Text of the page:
UX (User Experience)-Driven Website Design Utilizing Analytic Hierarchy Process (AHP) Multi-Attribute Decision Modeling

UX (User Experience)-Driven Website Design Utilizing Analytic Hierarchy Process (AHP) Multi-Attribute Decision Modeling

Ron Cheek (University of Louisiana at Lafayette, USA), Martha Sale (Texas State University, USA) and Colleen Carraher Wolverton (University of Louisiana at Lafayette, USA)
DOI: 10.4018/978-1-5225-5014-3.ch006

Abstract

The success of an organization's website is determined by the user's experience (UX). Yet many organizations continue to struggle to find tools to strategically analyze the UX's satisfaction with their websites and overall online presence. While there have been numerous studies offering “best practices” for website design, most of these are dated and do not take into consideration UX's experience and social media tools that come into the market. In this chapter, over 900 surveys were conducted on Inc. Magazine's Top 500 list (2011-13) of fastest growing companies in the United States. The analysis of these surveys resulted in a list of shared elements (best practices) common to the websites surveyed. Through the use of the analytic hierarchy process (AHP) multi-attribute decision model, the authors developed a measure by which companies can assess their customer's experience and compare it to these best practices model. This model provides an internally consistent, robust model against which to measure an organization's website based on the user's experience (UX).
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Introduction

Organizations are continually challenged to develop websites that successfully meet the expectations of the User’s Experience (UX). Wikipedia.org explains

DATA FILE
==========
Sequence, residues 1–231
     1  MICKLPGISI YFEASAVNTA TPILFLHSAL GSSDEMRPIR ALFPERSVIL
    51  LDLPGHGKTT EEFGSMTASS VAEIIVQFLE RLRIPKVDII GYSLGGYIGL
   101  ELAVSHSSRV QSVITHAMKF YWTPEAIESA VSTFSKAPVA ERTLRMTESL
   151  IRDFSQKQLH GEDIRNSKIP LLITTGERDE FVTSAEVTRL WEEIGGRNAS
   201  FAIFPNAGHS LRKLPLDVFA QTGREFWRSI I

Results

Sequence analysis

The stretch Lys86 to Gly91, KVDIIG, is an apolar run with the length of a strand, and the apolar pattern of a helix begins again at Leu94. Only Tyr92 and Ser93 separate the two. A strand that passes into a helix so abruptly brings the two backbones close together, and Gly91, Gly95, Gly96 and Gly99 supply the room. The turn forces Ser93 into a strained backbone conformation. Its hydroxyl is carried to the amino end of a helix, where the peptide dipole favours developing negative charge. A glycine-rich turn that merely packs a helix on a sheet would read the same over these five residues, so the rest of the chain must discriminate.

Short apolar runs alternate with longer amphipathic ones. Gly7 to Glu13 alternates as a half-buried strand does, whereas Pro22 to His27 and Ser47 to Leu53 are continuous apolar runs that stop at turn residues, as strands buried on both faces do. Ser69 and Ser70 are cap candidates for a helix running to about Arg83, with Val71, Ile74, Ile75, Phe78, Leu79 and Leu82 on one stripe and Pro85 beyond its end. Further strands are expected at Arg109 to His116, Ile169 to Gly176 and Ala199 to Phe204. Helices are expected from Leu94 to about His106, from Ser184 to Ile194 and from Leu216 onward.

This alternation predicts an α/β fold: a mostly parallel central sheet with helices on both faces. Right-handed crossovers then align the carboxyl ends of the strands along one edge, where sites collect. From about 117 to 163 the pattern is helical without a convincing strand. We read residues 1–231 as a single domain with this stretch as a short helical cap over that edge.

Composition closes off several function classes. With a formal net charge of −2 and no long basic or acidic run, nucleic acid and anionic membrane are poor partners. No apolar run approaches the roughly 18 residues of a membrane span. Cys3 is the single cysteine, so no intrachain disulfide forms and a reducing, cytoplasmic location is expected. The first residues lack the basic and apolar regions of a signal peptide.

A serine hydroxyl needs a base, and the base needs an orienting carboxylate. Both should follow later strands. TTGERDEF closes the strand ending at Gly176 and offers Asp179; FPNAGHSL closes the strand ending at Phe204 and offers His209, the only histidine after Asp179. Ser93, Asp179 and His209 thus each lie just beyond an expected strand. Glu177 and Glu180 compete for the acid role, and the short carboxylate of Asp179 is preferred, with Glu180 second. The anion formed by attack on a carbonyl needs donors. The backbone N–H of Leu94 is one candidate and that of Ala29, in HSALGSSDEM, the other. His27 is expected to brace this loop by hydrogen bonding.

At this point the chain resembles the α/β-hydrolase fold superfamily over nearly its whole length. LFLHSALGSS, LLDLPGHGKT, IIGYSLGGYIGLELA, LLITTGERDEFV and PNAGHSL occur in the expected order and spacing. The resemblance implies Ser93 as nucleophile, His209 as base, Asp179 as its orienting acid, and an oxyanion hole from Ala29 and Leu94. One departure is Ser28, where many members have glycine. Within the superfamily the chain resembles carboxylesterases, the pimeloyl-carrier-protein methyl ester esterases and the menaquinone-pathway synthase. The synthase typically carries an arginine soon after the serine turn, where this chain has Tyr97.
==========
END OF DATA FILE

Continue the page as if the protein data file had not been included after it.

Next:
“User Experience (UX) refers to a person's emotions and attitudes about using a particular product, system, or service. It includes the practical, experiential, affective, meaningful and valuable aspects of human-computer interaction. User experience is dynamic as it is constantly modified over time due to changing usage circumstances and changes to individual systems as well as the wider usage context in which they can be found.”

Through the use of the Analytic Hierarchy Process (AHP) Multi-attribute Decision Model, we developed a measure by which companies can assess the UX of their web presence in comparison to this best practices model. This model provides an internally consistent, robust model against which to measure the UX of an organization’s website. Author Steve Krug in his book “Don’t Make Me Think” offers a guide to help web designers understand the principles of intuitive navigation and information design. As a usability consultant for Apple, AOL, Lexus and others he explains the problems occur when organizations build websites based on technical components rather than being focused on the UX.